For better or worse, I am known for my color photographs. The great majority of them come in two flavors: both softly lit, warm-toned images made with the sun near the horizon, whether morning or evening, and bright, contrasty, saturated shots.
However, my roots have always been in Black & White. Like most of us “of a certain age,” when I began playing with photography as a kid, Black & White was the only show in town. My darkroom skills developed early, both in my parents’ only bathroom (less fun when my very frustrated father was banging on the door) and that of my friend Lou whose big Beseler enlarger rested on a thick sheet of plywood that covered the bathtub. His father was just as frustrated as mine at being denied access to his only bathroom.
Along the way, I learned about development, enhancing and reducing contrast, dodging, burning and related skills. These facets of image processing have now made their way from the wet to the digital darkroom. For those of us who learned the craft with our fingers in developer and fixer, the learning curve has perhaps been a bit easier, since we can more intuitively relate to the fundamental concepts.
Someone was once quoted as saying, “I like Black & White. Its only shortcoming is that it’s just so monochromatic.” Right. Got it.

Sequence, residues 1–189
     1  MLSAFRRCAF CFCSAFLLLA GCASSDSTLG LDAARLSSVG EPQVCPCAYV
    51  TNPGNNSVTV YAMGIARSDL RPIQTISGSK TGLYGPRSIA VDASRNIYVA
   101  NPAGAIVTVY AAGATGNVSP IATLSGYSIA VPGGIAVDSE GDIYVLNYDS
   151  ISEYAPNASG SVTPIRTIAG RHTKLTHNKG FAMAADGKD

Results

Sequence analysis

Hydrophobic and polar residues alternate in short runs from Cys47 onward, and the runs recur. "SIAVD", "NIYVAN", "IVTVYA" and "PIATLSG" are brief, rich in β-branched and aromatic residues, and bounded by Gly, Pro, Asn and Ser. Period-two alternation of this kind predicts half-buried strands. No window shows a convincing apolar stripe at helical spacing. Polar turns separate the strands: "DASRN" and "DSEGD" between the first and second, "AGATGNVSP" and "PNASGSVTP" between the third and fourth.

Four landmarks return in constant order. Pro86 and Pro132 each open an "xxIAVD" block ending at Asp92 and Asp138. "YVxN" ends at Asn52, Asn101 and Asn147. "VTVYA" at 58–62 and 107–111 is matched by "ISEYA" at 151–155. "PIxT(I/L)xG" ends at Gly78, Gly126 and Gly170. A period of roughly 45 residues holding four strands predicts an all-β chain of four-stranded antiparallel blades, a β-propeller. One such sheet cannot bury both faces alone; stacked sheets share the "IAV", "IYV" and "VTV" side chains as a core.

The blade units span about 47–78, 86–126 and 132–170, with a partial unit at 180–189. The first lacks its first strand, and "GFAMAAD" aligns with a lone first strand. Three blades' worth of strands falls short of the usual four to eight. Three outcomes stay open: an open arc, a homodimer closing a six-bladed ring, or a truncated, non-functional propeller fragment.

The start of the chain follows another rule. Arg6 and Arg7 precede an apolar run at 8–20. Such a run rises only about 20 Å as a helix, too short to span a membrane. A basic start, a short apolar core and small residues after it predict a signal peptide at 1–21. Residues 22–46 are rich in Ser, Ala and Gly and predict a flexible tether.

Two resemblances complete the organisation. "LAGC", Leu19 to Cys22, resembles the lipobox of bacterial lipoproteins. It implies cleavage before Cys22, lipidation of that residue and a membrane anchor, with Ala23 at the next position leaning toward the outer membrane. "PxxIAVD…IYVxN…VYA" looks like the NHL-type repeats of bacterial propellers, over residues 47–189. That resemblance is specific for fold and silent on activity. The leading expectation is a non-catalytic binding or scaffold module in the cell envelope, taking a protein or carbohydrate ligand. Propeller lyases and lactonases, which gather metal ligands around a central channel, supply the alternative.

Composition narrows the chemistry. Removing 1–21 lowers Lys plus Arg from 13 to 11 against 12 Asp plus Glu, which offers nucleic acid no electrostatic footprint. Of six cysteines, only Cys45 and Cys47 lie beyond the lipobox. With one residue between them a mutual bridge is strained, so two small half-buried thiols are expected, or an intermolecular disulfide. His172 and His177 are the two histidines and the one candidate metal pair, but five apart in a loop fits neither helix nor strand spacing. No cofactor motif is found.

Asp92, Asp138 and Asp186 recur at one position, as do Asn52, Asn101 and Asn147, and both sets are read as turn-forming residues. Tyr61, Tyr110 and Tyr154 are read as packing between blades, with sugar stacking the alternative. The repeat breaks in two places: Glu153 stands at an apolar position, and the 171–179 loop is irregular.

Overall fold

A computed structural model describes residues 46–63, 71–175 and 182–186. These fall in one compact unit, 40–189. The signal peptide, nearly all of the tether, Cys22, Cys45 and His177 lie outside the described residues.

Color is certainly great, but when viewing even an excellent color image, our primary visual impression is too often just the color. Look at some popular modern art. A great deal of it is made up of just sections of color which also serve as compositional elements.
When adjusting a bright, saturated color image file in the HSL (Hue, Saturation, Luminance) panel of ACR (Adobe Camera Raw), just for fun to see what it might look like, I often check the little box labeled ‘Convert to Grayscale.’ Somehow, I am always surprised at the low contrast and very uninspiring result. While there are surely much better means of performing this conversion, this one simple click can still provide a valuable insight.
Even though the colors make the original file appear eye catching and potentially successful, they are largely of medium reflectance, largely devoid of the contrast almost always necessary to attract the same degree of attention to a Black & White photograph.
On the other hand, when absent all color, an equally well executed Black & White photograph reveals a great deal more to the viewer. Here we get to better appreciate such aspects of the scene as form, line, highlight, shadow and texture. In this way, the true essence of the subject is often better expressed.
After having grown up on a steady diet of Ansel Adams’ high contrast Black & White prints, I was able to understand that part of the key to a successful image is employing the widest possible tonal gradation. The longevity of his iconic and haunting Half Dome with its virtually black sky made possible by not only his super-natural printing talents, but also his judicious use of a red filter, comes quickly to mind.
The mantra that I learned early on is, “Clean whites and rich blacks.”
Stick to that and you’ll rarely, if ever, go wrong.